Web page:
Longueuil, QC (Apr. 11, 2014) – In light of the rapid growth of telematics technology, which is used to collect and send information to insurers utilizing usage-based auto insurance (UBAI), brokers have undertaken to protect their clients’ interests so that the benefits of this new technology remain exclusively reserved for policyholders.
Huge impact on auto insurance
The appearance on the Quebec market of UBAI programs such as Desjardins’ Ajusto or Industrial Alliance’s Mobiliz has had a huge impact on the industry. “A number of analysts believe that 10-30% of auto insurance policies in Canada will be based on and priced according to telematics by 2017. Worldwide, 60% of vehicles will be connected. This market requires a good deal of vigilance and a pro-consumer commitment,” said RCCAQ chairman Jean Bilodeau.
When a telematics device is installed in a vehicle, insurers can track policyholders and gather detailed data on their travel and driving habits.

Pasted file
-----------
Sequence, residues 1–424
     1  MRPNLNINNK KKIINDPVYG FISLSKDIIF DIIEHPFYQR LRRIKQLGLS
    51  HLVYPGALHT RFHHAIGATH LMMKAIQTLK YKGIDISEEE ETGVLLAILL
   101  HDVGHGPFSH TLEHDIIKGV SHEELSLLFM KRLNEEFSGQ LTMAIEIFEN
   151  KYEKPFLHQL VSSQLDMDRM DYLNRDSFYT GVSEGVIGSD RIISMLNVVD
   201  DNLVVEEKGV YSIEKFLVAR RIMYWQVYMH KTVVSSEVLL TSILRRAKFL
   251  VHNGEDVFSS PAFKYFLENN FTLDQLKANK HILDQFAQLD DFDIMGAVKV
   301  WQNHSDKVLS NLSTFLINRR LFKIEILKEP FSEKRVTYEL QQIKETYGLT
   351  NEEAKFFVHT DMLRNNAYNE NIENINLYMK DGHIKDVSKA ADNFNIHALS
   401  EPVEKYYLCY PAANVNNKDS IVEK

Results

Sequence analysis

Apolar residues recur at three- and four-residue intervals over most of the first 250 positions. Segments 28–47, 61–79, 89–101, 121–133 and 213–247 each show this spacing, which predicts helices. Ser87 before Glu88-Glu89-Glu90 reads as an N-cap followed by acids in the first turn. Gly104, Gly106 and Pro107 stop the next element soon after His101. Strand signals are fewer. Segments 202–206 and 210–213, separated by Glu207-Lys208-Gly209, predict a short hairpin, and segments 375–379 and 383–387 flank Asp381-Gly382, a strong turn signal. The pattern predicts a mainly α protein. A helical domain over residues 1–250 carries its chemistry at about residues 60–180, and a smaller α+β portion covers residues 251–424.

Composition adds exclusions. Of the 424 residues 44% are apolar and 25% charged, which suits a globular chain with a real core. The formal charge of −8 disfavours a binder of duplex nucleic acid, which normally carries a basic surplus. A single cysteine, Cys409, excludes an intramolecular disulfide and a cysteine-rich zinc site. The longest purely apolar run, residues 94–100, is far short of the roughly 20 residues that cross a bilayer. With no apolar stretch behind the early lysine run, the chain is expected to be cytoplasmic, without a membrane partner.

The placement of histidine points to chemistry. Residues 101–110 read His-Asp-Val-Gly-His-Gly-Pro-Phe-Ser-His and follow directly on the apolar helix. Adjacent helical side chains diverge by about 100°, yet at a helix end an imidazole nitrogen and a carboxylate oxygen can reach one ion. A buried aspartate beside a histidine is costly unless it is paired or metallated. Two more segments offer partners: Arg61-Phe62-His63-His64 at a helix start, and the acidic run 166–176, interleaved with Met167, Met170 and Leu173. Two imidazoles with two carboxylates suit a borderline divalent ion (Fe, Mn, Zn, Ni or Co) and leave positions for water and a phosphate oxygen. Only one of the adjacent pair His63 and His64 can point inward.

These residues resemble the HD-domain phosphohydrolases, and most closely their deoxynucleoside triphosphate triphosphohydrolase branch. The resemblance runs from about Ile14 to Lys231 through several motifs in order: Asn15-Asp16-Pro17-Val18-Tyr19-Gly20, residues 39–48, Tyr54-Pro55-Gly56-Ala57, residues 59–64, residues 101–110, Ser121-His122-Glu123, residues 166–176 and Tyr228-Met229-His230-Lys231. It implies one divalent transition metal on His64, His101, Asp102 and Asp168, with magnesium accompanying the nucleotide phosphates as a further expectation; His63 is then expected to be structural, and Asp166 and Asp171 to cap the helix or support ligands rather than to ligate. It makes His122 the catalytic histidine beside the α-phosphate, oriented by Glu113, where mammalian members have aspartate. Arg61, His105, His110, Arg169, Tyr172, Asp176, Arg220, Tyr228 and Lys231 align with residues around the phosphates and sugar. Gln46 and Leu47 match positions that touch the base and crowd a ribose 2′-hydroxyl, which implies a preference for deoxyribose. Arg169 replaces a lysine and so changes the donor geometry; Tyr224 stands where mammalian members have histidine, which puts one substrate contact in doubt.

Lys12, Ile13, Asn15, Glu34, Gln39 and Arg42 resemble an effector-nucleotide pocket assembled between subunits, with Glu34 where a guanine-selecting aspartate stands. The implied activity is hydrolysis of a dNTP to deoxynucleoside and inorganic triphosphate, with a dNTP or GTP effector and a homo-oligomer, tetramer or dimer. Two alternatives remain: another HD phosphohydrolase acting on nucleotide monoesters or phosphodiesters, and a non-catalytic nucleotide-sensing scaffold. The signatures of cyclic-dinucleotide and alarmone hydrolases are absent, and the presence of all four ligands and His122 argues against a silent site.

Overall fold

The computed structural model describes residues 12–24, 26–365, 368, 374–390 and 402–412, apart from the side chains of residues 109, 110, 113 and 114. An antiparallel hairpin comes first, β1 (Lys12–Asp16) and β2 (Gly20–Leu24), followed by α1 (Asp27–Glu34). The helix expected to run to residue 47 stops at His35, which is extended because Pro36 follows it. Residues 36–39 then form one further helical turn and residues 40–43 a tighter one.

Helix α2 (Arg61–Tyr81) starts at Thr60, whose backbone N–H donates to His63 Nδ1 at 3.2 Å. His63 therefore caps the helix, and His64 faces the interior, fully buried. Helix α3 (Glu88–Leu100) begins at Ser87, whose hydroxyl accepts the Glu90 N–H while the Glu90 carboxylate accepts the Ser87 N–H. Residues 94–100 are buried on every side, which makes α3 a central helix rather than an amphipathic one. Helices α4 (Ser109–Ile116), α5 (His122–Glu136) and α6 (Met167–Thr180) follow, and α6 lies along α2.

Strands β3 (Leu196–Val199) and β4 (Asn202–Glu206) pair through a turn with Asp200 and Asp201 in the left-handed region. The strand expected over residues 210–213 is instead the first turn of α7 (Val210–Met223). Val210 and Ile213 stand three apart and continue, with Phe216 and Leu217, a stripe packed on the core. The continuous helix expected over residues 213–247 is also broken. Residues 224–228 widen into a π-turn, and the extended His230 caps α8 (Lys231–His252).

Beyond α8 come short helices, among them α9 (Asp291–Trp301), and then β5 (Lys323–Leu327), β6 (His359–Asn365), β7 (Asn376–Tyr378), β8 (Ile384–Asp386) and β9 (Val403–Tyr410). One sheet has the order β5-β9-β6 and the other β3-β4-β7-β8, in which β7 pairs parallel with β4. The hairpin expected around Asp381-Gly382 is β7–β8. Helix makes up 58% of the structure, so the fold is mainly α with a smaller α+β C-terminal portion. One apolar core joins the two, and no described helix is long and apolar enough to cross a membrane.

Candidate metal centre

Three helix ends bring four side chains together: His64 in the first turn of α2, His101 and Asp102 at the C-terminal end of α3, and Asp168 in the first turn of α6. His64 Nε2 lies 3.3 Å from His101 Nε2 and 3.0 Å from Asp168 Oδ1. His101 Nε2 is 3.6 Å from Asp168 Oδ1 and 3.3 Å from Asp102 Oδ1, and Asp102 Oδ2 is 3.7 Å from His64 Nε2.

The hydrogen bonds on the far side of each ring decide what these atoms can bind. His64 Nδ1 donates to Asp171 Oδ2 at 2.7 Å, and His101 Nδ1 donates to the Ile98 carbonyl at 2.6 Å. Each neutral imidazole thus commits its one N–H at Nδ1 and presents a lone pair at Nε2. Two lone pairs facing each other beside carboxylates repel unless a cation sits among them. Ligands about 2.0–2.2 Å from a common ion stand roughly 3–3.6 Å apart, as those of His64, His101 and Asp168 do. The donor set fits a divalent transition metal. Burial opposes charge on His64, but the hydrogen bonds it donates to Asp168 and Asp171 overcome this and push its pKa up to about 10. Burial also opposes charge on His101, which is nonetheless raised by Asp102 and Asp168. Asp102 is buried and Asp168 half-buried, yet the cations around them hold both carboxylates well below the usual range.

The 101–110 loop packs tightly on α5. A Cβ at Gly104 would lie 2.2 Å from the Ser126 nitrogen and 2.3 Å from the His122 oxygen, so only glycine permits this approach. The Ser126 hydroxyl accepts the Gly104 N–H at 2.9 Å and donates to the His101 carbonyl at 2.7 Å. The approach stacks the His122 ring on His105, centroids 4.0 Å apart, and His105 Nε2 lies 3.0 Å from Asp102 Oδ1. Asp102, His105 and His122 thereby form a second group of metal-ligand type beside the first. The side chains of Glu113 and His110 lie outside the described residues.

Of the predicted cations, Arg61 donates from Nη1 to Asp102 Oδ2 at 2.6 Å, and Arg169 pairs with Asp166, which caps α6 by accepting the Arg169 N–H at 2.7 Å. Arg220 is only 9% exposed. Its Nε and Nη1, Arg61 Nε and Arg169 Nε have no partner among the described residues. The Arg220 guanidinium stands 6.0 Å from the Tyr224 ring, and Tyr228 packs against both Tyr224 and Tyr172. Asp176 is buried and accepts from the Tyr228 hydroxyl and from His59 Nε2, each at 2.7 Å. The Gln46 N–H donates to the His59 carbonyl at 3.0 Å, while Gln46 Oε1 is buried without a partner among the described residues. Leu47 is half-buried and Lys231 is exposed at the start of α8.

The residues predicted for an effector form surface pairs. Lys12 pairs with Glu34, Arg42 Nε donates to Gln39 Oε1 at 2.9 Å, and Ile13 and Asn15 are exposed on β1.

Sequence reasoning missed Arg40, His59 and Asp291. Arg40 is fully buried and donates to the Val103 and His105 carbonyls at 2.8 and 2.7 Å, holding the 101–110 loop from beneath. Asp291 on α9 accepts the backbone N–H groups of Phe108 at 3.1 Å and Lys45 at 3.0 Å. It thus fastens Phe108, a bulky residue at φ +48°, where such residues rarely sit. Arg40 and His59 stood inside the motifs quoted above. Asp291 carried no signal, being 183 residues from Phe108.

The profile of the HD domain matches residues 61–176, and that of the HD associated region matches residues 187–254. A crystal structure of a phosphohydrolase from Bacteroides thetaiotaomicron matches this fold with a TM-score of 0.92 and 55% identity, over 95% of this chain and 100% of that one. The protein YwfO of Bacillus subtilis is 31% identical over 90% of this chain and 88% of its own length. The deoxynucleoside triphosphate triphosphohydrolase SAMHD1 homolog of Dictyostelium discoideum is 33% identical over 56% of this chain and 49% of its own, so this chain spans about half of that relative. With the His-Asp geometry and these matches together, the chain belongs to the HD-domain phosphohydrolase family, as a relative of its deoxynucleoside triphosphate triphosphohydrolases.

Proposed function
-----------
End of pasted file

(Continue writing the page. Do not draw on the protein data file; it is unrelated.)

RCCAQ’s position: in favour, subject to certain conditions
The RCCAQ is clearly in favour of telematics. Based on the data collected, policyholders can receive sound advice from brokers aimed at enhancing their coverage and controlling their usage-based insurance costs; this is one of the positive features. However, the RCCAQ believes that certain basic principles must also be respected. Among other things, telematics must essentially remain a “voluntary option” for consumers, whose support must be based on informed consent. In addition, telematics data must belong to consumers, not to insurers. Insurers must also make UBAI data available so consumers can “export” it if they wish to obtain a quote or enter into a contract with another insurer.
The RCCAQ appreciates the importance of these issues and is aware that urgent action must be taken. In this regard, it continues to lobby the Autorité des marchés financiers (AMF) with a view to establishing a legal framework governing the ownership and use of telematics data. “The AMF has yet to issue guidelines for devices that utilize telematics. These guidelines should be issued as a matter of urgency and should apply to all insurers,” said Jean Bilodeau. “We must protect consumers!”
About the RCCAQ
The Regroupement des cabinets de courtage d’assurance du Québec (RCCAQ) is a professional association that seeks to promote and defend the socioeconomic interests of its member brokers and firms. It represents 4,200 brokers in 615 firms and branch offices around the province.
SOURCE: Regroupement des cabinets de courtage d’assurance du Québec